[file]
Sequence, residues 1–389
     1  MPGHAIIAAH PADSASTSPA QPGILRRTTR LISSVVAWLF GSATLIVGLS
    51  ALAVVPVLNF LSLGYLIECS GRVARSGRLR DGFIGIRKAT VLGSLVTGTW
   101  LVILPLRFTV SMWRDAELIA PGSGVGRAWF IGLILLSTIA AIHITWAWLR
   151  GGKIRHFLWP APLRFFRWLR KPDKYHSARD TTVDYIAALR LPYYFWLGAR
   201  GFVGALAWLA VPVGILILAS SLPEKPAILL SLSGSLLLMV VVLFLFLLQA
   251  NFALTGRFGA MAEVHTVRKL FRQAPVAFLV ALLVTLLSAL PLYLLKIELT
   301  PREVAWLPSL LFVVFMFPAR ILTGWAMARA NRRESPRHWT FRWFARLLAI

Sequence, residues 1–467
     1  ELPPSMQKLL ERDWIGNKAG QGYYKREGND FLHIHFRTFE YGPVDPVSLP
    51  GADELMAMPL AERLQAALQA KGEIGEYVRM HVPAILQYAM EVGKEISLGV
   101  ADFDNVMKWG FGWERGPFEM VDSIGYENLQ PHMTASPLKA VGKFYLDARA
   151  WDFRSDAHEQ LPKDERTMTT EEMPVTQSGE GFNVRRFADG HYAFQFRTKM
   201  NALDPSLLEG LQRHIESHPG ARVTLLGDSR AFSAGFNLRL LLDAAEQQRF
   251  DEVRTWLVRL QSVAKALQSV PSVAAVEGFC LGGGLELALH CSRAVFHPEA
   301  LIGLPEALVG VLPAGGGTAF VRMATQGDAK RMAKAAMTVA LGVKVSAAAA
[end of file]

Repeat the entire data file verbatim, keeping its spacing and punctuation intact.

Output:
Sequence, residues 1–389
     1  MPGHAIIAAH PADSASTSPA QPGILRRTTR LISSVVAWLF GSATLIVGLS
    51  ALAVVPVLNF LSLGYLIECS GRVARSGRLR DGFIGIRKAT VLGSLVTGTW
   101  LVILPLRFTV SMWRDAELIA PGSGVGRAWF IGLILLSTIA AIHITWAWLR
   151  GGKIRHFLWP APLRFFRWLR KPDKYHSARD TTVDYIAALR LPYYFWLGAR
   201  GFVGALAWLA VPVGILILAS SLPEKPAILL SLSGSLLLMV VVLFLFLLQA
   251  NFALTGRFGA MAEVHTVRKL FRQAPVAFLV ALLVTLLSAL PLYLLKIELT
   301  PREVAWLPSL LFVVFMFPAR ILTGWAMARA NRRESPRHWT FRWFARLLAI

Sequence, residues 1–467
     1  ELPPSMQKLL ERDWIGNKAG QGYYKREGND FLHIHFRTFE YGPVDPVSLP
    51  GADELMAMPL AERLQAALQA KGEIGEYVRM HVPAILQYAM EVGKEISLGV
   101  ADFDNVMKWG FGWERGPFEM VDSIGYENLQ PHMTASPLKA VGKFYLDARA
   151  WDFRSDAHEQ LPKDERTMTT EEMPVTQSGE GFNVRRFADG HYAFQFRTKM
   201  NALDPSLLEG LQRHIESHPG ARVTLLGDSR AFSAGFNLRL LLDAAEQQRF
   251  DEVRTWLVRL QSVAKALQSV PSVAAVEGFC LGGGLELALH CSRAVFHPEA
   301  LIGLPEALVG VLPAGGGTAF VRMATQGDAK RMAKAAMTVA LGVKVSAAAA